Innovation is the lifeblood of any great university. But transforming the results of basic research into a commercial product that can benefit society is a path strewn with many obstacles. The new Fund for Innovation is intended to make that road smoother for Penn State faculty and student entrepreneurs to travel.
The Fund for Innovation was created in April by the Penn State Research Foundation, a nonprofit organization that promotes patenting and commercial applications for Penn State’s scientific and technical research.
“The mission of the fund is to promote commercialization of the new ideas and discoveries generated by our research programs,” said Peter Linder, Managing Director of the Fund. “The fund is another indication of Penn State’s renewed commitment to translating and implementing our most innovative findings. Commercializing promising ideas, creating new companies and new jobs, increases the already sizeable positive impact that Penn State has on the economy of Pennsylvania.”
Funding is provided in three successive stages, aimed at advancing the transition of an idea or discovery to a marketable product.
The first stage provides supplemental awards to determine proof-of-concept. “These projects are already sponsored by the colleges from which they originate,” said Ron Huss, Associate Vice President for Research and Technology Transfer and director of the Office of Technology Management. “Individual colleges solicit and select proposals from their faculty aimed at commercial development of findings resulting from fundamental research. For those projects selected, the Fund for Innovation adds $1 for every $2 of college support.”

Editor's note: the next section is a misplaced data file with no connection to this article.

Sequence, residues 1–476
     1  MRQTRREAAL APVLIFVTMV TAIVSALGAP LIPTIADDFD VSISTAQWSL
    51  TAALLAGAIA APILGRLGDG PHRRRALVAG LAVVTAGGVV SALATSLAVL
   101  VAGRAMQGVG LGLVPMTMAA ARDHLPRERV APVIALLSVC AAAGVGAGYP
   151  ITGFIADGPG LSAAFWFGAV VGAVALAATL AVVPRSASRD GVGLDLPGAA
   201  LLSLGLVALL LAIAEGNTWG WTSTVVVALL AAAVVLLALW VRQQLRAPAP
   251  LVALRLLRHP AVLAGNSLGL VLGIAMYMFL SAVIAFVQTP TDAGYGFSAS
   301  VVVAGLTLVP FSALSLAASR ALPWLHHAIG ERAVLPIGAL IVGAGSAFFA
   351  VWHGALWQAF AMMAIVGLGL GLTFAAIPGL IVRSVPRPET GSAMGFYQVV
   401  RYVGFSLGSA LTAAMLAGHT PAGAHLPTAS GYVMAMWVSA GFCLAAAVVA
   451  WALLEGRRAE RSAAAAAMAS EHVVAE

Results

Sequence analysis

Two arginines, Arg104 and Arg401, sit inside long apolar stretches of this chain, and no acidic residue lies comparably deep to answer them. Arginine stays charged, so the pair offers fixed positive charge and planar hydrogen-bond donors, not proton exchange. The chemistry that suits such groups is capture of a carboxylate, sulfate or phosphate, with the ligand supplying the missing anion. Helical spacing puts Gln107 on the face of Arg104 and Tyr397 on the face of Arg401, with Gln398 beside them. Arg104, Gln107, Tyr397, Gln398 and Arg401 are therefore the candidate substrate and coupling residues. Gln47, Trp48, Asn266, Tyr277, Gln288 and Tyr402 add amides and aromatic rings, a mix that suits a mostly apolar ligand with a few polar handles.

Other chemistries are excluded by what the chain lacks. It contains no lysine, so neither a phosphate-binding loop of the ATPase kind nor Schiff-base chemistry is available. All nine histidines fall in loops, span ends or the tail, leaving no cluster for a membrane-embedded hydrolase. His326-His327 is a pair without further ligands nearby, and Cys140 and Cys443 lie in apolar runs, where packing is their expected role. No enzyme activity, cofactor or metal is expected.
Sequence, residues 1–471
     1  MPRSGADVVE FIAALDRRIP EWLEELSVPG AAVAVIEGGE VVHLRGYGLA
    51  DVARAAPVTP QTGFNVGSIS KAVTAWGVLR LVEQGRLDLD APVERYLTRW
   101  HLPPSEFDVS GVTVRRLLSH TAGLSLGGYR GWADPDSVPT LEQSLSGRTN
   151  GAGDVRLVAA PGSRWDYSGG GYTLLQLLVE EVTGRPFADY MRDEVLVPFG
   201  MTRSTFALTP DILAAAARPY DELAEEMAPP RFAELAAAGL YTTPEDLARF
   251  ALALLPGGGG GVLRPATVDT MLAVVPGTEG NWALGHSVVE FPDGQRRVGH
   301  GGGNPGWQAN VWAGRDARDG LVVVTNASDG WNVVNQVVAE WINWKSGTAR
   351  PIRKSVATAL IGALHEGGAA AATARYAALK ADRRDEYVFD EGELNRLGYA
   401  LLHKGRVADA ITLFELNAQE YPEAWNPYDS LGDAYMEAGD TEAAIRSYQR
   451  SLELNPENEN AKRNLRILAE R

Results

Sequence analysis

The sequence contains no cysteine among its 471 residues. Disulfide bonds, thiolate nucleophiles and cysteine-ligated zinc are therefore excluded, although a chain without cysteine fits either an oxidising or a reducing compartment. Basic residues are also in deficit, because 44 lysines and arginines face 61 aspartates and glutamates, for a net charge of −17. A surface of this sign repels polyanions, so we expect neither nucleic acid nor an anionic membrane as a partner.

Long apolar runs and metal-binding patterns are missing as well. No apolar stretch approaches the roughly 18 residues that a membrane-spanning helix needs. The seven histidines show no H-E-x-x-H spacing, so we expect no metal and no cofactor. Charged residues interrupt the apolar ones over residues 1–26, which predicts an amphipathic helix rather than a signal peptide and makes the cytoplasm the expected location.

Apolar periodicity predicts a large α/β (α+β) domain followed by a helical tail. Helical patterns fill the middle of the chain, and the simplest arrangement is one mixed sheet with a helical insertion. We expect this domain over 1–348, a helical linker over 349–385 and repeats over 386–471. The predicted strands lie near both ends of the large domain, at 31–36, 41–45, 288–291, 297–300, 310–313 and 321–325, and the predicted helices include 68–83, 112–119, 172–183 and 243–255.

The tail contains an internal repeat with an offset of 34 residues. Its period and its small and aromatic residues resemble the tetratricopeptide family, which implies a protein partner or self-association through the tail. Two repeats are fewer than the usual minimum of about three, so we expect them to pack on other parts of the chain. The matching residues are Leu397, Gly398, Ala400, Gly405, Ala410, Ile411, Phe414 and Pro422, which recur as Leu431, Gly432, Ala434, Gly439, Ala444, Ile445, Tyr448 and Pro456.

In the second stage of the program, MBA students and faculty from the Smeal College of Business establish proof-of-relevance by examining the marketplace and an idea’s potential for success relative to existing competition.
Stage three occurs if and when proof-of-concept and proof-of-relevance are established, at which point the fund will provide $50,000 to $100,000 to “jump-start” formation of a new company to commercialize the idea.
Participating colleges in 2014 include Agricultural Sciences, Engineering, Information Systems and Technology and the Eberly College of Science. So far, 13 ideas have secured stage-one funding. Examples include a microorganism that converts methane gas into methanol — a liquid fuel that can more easily be stored and transported, a rapid visual detection method for pathogenic bacteria, a low-cost device to harvest fruit from fruit trees and a new type of biopesticide to control flies.
A second round of awards will be made in early 2015.
“Driving economic development across the state and beyond is a key component of Penn State’s mission,” said Neil Sharkey, Vice President for Research. “Our hope is that the Fund will serve as another important catalyst in this effort.”